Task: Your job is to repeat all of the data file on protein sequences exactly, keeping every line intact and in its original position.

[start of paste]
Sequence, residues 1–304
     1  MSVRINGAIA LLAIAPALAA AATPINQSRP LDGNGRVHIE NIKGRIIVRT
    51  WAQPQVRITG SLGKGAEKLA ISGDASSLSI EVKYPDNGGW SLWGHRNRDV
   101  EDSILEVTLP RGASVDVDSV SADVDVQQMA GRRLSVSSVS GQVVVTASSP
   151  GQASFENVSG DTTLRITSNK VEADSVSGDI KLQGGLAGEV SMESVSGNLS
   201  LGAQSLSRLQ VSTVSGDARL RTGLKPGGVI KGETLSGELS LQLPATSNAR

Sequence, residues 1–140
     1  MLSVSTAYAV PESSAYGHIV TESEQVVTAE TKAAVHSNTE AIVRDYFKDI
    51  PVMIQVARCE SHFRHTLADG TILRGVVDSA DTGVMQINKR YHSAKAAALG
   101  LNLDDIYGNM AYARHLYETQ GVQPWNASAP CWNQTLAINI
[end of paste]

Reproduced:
Sequence, residues 1–304
     1  MSVRINGAIA LLAIAPALAA AATPINQSRP LDGNGRVHIE NIKGRIIVRT
    51  WAQPQVRITG SLGKGAEKLA ISGDASSLSI EVKYPDNGGW SLWGHRNRDV
   101  EDSILEVTLP RGASVDVDSV SADVDVQQMA GRRLSVSSVS GQVVVTASSP
   151  GQASFENVSG DTTLRITSNK VEADSVSGDI KLQGGLAGEV SMESVSGNLS
   201  LGAQSLSRLQ VSTVSGDARL RTGLKPGGVI KGETLSGELS LQLPATSNAR

Sequence, residues 1–140
     1  MLSVSTAYAV PESSAYGHIV TESEQVVTAE TKAAVHSNTE AIVRDYFKDI
    51  PVMIQVARCE SHFRHTLADG TILRGVVDSA DTGVMQINKR YHSAKAAALG
   101  LNLDDIYGNM AYARHLYETQ GVQPWNASAP CWNQTLAINI